In his hidden valley Venters awakened from sleep, and his ears rang with innumerable melodies from full-throated mockingbirds, and his eyes opened wide upon the glorious golden shaft of sunlight shining through the great stone bridge. The circle of cliffs surrounding Surprise Valley lay shrouded in morning mist, a dim blue low down along the terraces, a creamy, moving cloud along the ramparts. The oak forest in the center was a plumed and tufted oval of gold.
He saw Bess under the spruces. Upon her complete recovery of strength she always rose with the dawn. At the moment she was feeding the quail she had tamed. And she had begun to tame the mocking-birds. They fluttered among the branches overhead and some left off their songs to flit down and shyly hop near the twittering quail. Little gray and white rabbits crouched in the grass, now nibbling, now laying long ears flat and watching the dogs.
Venters's swift glance took in the brightening valley, and Bess and her pets, and Ring and Whitie. It swept over all to return again and rest upon the girl. She had changed. To the dark trousers and blouse she had added moccasins of her own make, but she no longer resembled a boy. No eye could have failed to mark the rounded contours of a woman. The change had been to grace and beauty. A glint of warm gold gleamed from her hair, and a tint of red shone in the clear dark brown of cheeks. The haunting sweetness of her lips and eyes, that earlier had been illusive, a promise, had become a living fact. She fitted harmoniously into that wonderful setting; she was like Surprise Valley--wild and beautiful.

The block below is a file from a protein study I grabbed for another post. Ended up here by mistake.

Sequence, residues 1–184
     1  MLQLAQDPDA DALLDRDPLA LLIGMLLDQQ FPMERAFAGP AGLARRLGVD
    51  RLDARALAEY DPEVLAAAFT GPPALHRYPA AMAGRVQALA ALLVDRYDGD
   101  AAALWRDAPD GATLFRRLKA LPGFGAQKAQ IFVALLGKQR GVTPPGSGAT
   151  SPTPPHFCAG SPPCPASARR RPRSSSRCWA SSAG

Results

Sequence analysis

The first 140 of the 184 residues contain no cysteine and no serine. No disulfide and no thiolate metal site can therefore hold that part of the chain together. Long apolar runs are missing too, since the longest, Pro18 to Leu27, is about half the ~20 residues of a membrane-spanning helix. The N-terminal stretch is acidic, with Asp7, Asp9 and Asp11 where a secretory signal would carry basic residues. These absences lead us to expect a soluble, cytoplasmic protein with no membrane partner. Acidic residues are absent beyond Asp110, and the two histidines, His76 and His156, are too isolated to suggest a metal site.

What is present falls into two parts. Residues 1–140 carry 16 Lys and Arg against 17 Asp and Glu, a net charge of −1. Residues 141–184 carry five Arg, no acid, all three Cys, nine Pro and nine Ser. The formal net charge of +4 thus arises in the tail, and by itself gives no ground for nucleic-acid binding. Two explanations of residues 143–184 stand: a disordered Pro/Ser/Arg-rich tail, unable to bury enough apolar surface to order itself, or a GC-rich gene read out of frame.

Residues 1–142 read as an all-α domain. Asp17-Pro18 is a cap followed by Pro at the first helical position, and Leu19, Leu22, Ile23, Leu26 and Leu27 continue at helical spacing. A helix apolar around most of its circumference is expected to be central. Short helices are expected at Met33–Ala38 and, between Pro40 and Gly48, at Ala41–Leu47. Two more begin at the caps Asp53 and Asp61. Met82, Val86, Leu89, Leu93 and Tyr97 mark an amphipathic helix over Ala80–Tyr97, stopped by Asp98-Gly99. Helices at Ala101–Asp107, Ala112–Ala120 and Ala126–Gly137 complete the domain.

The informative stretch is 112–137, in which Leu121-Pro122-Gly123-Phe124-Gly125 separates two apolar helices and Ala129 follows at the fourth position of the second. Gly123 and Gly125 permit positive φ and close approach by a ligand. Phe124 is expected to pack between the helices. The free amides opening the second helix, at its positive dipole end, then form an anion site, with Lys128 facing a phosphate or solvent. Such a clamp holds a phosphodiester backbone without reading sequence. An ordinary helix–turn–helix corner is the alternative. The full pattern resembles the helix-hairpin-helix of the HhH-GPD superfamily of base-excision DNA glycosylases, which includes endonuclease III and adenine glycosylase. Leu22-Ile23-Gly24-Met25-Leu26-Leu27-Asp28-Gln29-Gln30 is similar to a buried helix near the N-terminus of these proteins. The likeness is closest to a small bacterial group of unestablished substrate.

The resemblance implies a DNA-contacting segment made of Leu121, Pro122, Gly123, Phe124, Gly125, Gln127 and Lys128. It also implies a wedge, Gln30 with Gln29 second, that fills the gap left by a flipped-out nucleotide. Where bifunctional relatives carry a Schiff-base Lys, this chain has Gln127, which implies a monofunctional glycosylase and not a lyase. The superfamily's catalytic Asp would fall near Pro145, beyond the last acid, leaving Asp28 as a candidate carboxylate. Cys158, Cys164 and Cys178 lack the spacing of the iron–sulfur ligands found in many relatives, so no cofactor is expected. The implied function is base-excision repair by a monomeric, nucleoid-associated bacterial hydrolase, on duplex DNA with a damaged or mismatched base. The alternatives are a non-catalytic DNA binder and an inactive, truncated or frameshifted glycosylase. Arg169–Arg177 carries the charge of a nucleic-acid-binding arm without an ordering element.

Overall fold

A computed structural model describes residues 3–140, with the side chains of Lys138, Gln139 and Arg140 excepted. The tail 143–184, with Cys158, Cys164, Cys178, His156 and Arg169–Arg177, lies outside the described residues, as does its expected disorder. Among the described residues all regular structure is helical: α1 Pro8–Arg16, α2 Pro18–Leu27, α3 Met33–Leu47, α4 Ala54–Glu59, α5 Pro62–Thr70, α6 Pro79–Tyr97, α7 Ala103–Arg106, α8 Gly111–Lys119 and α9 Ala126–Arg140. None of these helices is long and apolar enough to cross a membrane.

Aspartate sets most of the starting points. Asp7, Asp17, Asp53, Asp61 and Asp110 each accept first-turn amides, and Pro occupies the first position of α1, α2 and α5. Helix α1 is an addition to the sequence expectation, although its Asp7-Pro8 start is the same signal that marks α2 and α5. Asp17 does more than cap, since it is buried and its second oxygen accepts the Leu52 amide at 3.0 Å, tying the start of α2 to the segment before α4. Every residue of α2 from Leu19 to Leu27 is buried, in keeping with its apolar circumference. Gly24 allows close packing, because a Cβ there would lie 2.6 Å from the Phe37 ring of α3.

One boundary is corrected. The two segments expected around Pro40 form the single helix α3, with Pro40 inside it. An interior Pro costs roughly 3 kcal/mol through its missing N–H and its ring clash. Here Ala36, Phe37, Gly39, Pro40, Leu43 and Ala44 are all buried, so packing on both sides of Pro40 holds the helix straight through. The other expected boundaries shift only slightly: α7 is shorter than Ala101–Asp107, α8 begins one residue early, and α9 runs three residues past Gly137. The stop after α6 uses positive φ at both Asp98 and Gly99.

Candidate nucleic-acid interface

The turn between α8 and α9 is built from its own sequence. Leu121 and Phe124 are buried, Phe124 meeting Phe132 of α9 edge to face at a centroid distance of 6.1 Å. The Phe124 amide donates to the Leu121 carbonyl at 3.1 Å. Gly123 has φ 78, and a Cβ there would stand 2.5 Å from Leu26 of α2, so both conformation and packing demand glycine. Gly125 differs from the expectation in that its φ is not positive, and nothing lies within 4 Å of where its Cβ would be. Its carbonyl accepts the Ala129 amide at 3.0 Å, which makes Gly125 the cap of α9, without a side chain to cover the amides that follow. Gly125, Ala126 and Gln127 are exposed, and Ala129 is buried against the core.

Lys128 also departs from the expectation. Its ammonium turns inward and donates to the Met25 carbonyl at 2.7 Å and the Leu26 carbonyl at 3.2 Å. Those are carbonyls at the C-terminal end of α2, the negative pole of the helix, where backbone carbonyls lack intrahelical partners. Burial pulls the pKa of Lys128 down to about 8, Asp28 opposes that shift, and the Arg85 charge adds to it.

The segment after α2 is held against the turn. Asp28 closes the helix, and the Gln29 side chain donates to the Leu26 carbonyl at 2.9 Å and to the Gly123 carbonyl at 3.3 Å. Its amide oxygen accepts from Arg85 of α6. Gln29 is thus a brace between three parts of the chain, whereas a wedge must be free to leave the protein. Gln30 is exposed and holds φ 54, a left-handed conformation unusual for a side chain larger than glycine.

Venters leaped out of his cave to begin the day.
He had postponed his journey to Cottonwoods until after the passing of the summer rains. The rains were due soon. But until their arrival and the necessity for his trip to the village he sequestered in a far corner of mind all thought of peril, of his past life, and almost that of the present. It was enough to live.
He did not want to know what lay hidden in the dim and distant future. Surprise Valley had enchanted him. In this home of the cliff-dwellers there were peace and quiet and solitude, and another thing, wondrous as the golden morning shaft of sunlight, that he dared not ponder over long enough to understand.
The solitude he had hated when alone he had now come to love. He was assimilating something from this valley of gleams and shadows. From this strange girl he was assimilating more.